No flinching for Notre Dame women's basketball against Duke

Al Lesar
South Bend Tribune

SOUTH BEND – Duke flinched. That can’t happen against Notre Dame.

The Blue Devils fielded the women’s basketball equivalent of some tall timber across the front line Monday night: 6-foot-5, 6-4, 6-3. Off the bench came 6-4 and… you guessed it … 6-4.

The Irish were dwarfed.

For a while.

But the 63-50 Notre Dame victory was a matter of the Irish forcing the issue.

It took Notre Dame five minutes to corral its first rebound. In the process, Duke led 10-3.

Then, the attitude on the Notre Dame bench seemed to change.

Four straight Irish 3-pointers dropped. Rebounds came a bit easier. And the Irish bench – Madison Cable, Kathryn Westbeld and Markisha Wright - became a factor.

A nine-point Duke lead five minutes into the game became a 10-point Irish advantage by intermission.

This won’t be the last time Notre Dame will be faced with a one-dimensional opponent. Sometimes size. Sometimes 3-point specialists. Sometimes speed.

The Irish, though, are built to adjust to whatever the challenge. That’s why they continue to be among the nation’s elite. That’s why they have an opportunity to get to a point where they could compete with Connecticut for a national championship.

They’re not quite ready to beat the Huskies just yet. But, they’re heading in the right direction.

The most encouraging element to come out of Big Monday’s prime-time event, which kept a large vocal crowd up past its bedtime, was the energy that came off the Irish bench.

While Notre Dame mounted its first-half recovery, the Irish bench outscored Duke’s 15-2. Cable was special, with nine points and six boards. Westbeld was a factor with six points and six rebounds.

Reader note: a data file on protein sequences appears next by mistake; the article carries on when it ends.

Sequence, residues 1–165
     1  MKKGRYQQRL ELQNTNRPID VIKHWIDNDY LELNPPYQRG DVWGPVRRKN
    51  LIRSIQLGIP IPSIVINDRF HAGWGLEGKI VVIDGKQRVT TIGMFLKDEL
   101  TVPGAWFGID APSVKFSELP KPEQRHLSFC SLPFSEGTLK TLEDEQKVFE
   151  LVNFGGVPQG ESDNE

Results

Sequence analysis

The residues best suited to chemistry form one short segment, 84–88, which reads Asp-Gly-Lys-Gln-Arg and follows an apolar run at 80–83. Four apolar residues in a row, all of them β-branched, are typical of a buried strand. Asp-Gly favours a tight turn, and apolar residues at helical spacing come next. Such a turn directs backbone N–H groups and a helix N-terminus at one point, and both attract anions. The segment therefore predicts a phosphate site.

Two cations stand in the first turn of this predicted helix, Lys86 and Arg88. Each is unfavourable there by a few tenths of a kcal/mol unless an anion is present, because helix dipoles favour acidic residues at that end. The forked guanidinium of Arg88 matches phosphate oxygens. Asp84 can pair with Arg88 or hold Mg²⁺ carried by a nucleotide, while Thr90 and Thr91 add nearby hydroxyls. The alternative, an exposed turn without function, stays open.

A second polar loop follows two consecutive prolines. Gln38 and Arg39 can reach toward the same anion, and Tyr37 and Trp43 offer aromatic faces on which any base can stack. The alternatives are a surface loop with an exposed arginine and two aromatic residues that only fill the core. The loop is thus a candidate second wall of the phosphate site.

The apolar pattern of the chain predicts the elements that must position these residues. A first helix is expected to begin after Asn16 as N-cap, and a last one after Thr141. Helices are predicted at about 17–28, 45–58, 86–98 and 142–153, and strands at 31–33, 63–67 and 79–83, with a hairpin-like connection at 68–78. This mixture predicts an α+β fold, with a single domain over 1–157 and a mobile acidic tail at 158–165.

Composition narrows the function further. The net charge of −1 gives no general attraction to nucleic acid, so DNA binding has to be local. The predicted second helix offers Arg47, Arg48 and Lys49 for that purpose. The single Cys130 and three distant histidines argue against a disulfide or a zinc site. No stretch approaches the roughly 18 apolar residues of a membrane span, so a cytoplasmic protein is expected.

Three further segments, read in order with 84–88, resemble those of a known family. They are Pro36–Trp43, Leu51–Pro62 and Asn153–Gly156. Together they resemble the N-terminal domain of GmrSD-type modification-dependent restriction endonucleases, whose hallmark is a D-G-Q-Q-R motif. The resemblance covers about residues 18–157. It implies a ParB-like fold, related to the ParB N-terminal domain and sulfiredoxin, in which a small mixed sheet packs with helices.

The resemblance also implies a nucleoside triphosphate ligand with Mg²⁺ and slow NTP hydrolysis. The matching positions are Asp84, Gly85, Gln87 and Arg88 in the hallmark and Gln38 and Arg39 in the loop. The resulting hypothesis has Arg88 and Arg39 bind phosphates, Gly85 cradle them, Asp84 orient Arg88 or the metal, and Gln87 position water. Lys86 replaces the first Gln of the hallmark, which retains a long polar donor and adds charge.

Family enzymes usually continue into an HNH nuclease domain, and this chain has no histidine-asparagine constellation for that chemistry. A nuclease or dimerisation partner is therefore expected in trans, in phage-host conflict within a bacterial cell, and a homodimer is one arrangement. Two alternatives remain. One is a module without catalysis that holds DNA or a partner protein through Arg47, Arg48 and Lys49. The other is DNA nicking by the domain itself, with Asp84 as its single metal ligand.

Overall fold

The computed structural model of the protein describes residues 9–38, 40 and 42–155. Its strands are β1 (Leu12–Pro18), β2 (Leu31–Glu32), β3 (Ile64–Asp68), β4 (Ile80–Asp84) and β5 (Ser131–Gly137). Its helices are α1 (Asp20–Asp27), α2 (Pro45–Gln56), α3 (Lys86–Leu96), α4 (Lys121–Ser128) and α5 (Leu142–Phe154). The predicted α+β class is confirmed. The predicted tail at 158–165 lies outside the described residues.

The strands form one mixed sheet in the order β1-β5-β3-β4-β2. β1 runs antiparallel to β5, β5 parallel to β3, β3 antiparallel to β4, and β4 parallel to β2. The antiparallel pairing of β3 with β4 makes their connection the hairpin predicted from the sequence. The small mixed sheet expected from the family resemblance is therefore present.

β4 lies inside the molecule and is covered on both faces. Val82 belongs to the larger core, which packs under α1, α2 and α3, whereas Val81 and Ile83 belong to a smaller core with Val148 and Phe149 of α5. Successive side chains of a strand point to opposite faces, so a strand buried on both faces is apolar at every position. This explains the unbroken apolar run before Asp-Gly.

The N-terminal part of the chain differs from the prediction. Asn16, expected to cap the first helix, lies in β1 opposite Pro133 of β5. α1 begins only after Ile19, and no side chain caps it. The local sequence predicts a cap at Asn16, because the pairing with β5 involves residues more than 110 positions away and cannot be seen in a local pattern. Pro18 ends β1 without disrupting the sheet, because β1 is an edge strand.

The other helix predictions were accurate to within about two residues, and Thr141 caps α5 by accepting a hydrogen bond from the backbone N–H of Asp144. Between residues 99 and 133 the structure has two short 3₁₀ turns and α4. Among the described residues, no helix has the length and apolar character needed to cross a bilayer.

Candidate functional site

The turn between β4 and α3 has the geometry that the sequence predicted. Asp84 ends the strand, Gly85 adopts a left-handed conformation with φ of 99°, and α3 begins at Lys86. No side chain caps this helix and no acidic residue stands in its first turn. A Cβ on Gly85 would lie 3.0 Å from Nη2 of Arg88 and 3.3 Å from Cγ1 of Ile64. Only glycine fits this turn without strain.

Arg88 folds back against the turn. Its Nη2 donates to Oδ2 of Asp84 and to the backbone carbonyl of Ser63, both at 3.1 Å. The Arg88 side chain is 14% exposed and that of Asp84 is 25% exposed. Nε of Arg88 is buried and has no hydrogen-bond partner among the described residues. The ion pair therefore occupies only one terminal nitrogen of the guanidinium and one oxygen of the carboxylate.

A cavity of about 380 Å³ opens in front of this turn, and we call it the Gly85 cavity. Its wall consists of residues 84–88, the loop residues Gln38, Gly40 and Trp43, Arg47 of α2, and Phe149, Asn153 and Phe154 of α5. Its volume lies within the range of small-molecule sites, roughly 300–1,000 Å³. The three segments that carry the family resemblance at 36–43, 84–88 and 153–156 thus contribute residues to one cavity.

The Blue Devils didn’t know what hit them. After Notre Dame’s sixth 3-pointer of the first half, Duke coach Joanne P. McCallie was beside herself. All she could do was turn to her assistant and throw up her hands in frustration.

She did that a lot Monday night.

The Irish took a big step toward being a dominant team come tournament time.

This wasn’t the same Notre Dame team that had trouble adjusting to the fast-paced game that Florida State played in a fortunate-to-happen six-point Irish victory on Jan. 2. This was a more confident group.

Brianna Turner, the 6-3 freshman Irish post, had to get beat on the boards a couple times before she amped up the intensity and started using her elbows to establish her territory.

Once Duke realized it was beaten at its own game – the Irish began to have their way in the paint – there was nowhere to turn.

That’s how double-digit victories are made.

This was more than just one win. This was a performance that sent a message to the rest of the Atlantic Coast Conference.

Notre Dame’s bench has talent. The Irish can adjust to whatever comes their way. And they’re too good to lose to a one-dimensional opponent.

These Irish don’t flinch.

Notre Dame’s Jewell Loyd reacts to an offensive foul charge during the Notre Dame-Duke women's basketball game on Monday, Feb. 16, 2015, inside the Purcell Pavilion at Notre Dame in South Bend. SBT Photo/ROBERT FRANKLIN